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A team in Paris has made the most precise measurement yet of the fine-structure constant, killing hopes for a new force of nature.
Physicists plan to leave no stone unturned, checking whether dark matter tickles different types of detectors, nudges starlight, warms planetary cores or even lodges in rocks.
An exercise in pure mathematics has led to a wide-ranging theory of how the world comes together.
It has been thought of as many things: a pointlike object, an excitation of a field, a speck of pure math that has cut into reality. But never has physicists’ conception of a particle changed more than it is changing now.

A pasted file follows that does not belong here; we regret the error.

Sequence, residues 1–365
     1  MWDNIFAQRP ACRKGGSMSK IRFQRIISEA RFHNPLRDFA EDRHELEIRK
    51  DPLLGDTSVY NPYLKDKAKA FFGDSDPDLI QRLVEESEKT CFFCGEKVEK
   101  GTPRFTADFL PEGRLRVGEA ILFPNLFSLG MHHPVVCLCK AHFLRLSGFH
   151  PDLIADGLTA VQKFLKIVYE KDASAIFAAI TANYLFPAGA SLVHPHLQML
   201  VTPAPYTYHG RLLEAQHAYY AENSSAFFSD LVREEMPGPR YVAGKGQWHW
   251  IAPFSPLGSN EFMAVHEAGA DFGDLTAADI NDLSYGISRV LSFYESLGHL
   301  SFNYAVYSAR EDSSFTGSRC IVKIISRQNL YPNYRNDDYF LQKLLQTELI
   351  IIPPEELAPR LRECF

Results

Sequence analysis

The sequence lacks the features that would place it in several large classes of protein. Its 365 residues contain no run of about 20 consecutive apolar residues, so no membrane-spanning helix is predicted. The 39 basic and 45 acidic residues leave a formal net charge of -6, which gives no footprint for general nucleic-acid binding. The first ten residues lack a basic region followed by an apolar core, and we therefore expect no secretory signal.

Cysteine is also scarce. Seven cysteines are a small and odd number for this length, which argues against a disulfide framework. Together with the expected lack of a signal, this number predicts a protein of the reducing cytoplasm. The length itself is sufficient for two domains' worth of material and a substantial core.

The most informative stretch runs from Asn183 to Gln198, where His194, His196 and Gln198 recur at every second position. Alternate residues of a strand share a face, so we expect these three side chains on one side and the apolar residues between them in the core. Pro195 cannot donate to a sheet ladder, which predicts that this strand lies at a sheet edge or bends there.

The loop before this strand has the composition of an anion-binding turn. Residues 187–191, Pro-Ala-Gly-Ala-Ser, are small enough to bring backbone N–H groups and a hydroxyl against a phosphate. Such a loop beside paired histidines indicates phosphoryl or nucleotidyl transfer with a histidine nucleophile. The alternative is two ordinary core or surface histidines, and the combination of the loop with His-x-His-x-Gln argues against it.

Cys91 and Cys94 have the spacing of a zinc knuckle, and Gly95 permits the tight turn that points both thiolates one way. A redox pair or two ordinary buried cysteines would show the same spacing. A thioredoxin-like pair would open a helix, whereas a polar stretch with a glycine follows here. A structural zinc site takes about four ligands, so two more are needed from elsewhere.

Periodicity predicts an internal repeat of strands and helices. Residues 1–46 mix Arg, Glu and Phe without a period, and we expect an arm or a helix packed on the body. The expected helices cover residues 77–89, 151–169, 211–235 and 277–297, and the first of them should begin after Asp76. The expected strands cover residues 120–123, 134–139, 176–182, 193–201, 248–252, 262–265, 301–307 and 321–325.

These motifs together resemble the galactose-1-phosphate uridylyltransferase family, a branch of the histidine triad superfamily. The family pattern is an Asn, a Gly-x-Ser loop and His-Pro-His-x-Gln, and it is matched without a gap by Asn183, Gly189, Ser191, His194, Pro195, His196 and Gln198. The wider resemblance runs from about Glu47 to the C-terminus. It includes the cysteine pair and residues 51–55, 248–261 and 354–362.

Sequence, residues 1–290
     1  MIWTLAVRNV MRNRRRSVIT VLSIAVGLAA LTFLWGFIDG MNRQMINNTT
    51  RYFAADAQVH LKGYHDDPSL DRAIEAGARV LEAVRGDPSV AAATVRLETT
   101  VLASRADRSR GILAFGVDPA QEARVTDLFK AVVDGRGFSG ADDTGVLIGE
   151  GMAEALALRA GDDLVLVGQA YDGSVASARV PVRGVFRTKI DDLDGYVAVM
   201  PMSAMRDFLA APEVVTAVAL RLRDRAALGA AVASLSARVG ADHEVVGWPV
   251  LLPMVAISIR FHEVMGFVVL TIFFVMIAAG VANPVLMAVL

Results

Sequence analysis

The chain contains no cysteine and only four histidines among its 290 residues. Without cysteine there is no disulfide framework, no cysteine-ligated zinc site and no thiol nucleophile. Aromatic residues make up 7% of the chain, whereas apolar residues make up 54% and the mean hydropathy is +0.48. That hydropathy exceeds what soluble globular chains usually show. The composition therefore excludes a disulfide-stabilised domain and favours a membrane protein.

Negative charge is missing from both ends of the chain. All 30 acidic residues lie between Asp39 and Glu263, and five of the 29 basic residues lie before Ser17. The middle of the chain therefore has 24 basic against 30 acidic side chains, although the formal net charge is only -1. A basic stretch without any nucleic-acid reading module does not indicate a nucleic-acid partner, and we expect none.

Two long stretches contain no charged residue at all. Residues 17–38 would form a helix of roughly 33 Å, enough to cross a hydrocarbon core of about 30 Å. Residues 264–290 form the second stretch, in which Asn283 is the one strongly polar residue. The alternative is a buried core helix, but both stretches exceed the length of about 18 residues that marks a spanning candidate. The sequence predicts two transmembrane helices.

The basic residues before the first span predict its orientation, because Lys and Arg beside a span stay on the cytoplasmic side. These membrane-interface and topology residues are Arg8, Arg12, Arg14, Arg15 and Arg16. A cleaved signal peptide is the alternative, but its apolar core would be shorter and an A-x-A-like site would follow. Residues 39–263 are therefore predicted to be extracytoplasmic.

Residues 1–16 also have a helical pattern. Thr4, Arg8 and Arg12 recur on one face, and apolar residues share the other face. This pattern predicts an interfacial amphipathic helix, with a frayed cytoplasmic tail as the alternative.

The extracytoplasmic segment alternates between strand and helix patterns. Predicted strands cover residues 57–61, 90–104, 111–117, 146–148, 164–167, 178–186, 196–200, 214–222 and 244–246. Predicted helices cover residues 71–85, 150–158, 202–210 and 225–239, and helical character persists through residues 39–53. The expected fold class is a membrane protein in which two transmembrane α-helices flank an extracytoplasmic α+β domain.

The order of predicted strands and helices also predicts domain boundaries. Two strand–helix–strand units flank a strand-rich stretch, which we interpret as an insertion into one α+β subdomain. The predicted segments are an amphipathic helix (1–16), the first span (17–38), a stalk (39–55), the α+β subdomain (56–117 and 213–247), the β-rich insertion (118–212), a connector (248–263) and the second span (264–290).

The newly-measured rate of a key nuclear fusion process from the Big Bang matches the picture of the universe 380,000 years later.
Cora Dvorkin discovered new possibilities for what dark matter could be. Now she’s devising unorthodox ways to identify it.
Once missing in action, middleweight black holes have finally been detected. Now researchers are trying to figure out how they grow from small ones.
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